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I know the language only has 'two' prepositions (though there seems to be a some dispute to that). Regardless, the two prepositions 'long' and 'bilong' seem to be quite broad in definition.

I do wonder though how this works in practice. Note that I've been having a hard time finding information about the language other than 'introductory' grammars. Like, has there been any major publications or translations in the language? Is the language so context sensitive that it doesn't work when written? Can you explain complex thoughts in it? Like, can you debate philosophy or science or what not. Does anyone speak nothing but Tok Pisin?

I'm asking this because there's lots of auxlangs out there that try to be minimalistic, with some rediculing languages that have more than Tok Pisin.

Of course, I know such a minimal list isn't always what it seems. Like Tagalog, which just marks everything on the verb. I think the Polynesian languages do this too to an extent. Essentially, the verb takes markings (well, I think the Polynesian languages use particles, but not like that's relevant) that give more precise meanings to the prepositions. For example, they only have one generic preposition for locations, they use affixes/particles to disambiguate whether the one locative preposition means 'in, on, outside of, etc...' But to my knowledge Tok Pisin doesn't do this. You just have to rely on context on common sense it seems to figure out the intended meaning.

  • Is it attached to verbs or something? Like Run+out – WiccanKarnak Jan 31 '18 at 8:12
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According to the Tok Pisin Wikibook, Tok Pisin does have compound prepositions beyond the two "basic" prepositions.

There are two basic prepositions in Tok Pisin: bilong and long.

  • bilong is used for attribution. Examples: haus bilong mi, My home; Han bilong diwai, Arm of a tree; branch.
  • long is used as a universal preposition for other meanings.

Nevertheless, there is one other self standing preposition: wantaim, with.

There are also all kinds of compound prepositions like ananit long, under; insait long, in; antap long, on, above, etc.

So Tok Pisin does have more than two prepositions when there is a need to make a distinction between different ones.

However, a lack of prepositions doesn't necessarily mean that it's impossible to express complex philosophical ideas — it just means that the ideas are different than what we're used to. For instance, Ugaritic doesn't distinguish between motion towards ("to") and motion away ("from"), both being l /li/. But many cases in which it would be natural for an English speaker to say "to" use the preposition "with" (‘m /ʕimma/). I don't speak Tok Pisin, but the case could be similar here.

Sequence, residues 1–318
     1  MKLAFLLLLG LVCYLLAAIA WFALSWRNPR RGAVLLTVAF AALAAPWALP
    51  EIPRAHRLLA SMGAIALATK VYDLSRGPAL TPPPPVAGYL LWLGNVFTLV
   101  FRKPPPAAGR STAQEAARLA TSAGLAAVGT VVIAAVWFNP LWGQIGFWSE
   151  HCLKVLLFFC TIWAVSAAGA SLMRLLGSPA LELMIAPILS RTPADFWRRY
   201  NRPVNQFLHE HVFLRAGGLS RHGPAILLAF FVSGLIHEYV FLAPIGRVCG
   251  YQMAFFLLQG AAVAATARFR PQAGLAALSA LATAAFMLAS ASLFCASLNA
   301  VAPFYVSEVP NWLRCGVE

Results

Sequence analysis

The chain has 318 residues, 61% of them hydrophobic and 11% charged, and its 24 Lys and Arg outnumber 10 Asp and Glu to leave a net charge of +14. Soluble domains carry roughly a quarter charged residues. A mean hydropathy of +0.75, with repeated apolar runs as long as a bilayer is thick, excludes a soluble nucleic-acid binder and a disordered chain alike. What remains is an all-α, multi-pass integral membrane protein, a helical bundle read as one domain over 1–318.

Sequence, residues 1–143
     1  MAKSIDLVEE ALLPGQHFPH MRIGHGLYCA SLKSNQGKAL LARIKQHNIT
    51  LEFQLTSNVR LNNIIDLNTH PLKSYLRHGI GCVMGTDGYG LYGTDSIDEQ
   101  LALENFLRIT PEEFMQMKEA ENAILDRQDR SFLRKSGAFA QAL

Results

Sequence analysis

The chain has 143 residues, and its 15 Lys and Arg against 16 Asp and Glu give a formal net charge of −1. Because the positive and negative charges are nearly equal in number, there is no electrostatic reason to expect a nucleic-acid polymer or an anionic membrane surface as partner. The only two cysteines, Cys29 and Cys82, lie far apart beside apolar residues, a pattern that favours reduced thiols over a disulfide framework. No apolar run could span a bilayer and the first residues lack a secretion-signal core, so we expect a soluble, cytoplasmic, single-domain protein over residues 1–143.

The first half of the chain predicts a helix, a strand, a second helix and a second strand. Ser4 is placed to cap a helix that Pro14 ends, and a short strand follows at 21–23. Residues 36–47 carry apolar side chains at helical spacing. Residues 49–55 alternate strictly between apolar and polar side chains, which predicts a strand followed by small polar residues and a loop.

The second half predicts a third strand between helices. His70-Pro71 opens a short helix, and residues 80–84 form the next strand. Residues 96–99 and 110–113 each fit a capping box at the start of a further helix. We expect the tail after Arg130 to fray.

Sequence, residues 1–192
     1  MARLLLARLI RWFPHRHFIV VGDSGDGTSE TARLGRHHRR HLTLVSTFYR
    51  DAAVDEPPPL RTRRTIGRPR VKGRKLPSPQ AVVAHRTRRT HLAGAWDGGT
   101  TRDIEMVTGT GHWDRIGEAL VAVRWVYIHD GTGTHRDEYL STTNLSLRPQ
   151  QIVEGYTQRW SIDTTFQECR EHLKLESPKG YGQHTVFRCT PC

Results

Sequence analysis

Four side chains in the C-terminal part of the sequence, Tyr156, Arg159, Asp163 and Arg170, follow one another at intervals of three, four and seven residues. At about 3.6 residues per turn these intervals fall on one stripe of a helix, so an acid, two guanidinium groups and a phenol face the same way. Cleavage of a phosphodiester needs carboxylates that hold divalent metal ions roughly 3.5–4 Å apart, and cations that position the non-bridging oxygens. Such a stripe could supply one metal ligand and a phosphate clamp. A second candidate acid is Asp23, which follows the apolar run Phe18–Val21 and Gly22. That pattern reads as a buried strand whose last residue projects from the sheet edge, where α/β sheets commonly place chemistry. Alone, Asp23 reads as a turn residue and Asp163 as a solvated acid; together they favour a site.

• 2
    +1, I also thought about Ugaritic. Polysemy is of course very common with prepositions. In at some languages, there seem to be abstract nuances that are general for many usages. So Tyler and Evans 2003, The Semantics of English Prepositions: Spatial Scenes, Embodied Meaning, and Cognition. 37: "native speakers of both English and Dutch tend to recognize relationships between distinct meanings associated with the same spatial particle." But Ugaritic, and apparently Tok Pisin likewise, shows that this does not need to be the case. Context can disambiguate a lot. – Keelan Jan 31 '18 at 11:05
  • This seems pretty similar to Japanese and Chinese. Japanese only has a few prepositions and spatial relationships will use one or two of them in combination with a noun. "no" is "of" and "ni" is "in, at, on". So "insait long X" would "X no naka ni". Chinese is pretty similar but uses verbs like "zai" and "you" with much the same characters Japanese uses but pronounced differently so something like "X li you". – hippietrail Apr 24 '18 at 12:26
  • So why isn't 'insait' considered to be a preposition, as 'inside' can be? – amI Dec 3 '18 at 18:37
  • @amI I am not an authority on the language, but I imagine "insait long" would be a prepositional phrase, like the English "on the other side of" where the preposition is "of." – b a Dec 3 '18 at 19:54
  • That has nested PPs, as does "inside of". Why not see two prepositions there? Note that bilong (belong) is used for possessive 'of', and long (along) is used for other relationships (at, by, to, with, etc.), requiring another word to be specific. I just don't see why that other word isn't called a preposition too. – amI Dec 3 '18 at 20:10
0

Besides the compounds as b_a explained, simple context will get you a long way. Below I have rewritten Sylvia Plath's prepositions using only long and bilong.

My grandfather and I had a standing joke. He was the head waiter bilong a country club bilong close my home town, and every Sunday my grandmother drove here long bring him home long his Monday off. My brother and I alternated going long, and my grandfather always served Sunday supper long my grandmother and whichever of us was there, long suppose we were regular club guests. He loved introducing me long special tidbits, and bilong age nine I had developed a passionate taste long cold vichyssoise and caviar and anchovy paste.

The joke was that long my wedding my grandfather would see I had all the caviar I could eat. It was a joke because I never intended long marry, and even if I did, my grandfather couldn't have afforded enough caviar unless he robbed the country club kitchen and carried it away long a suitcase.

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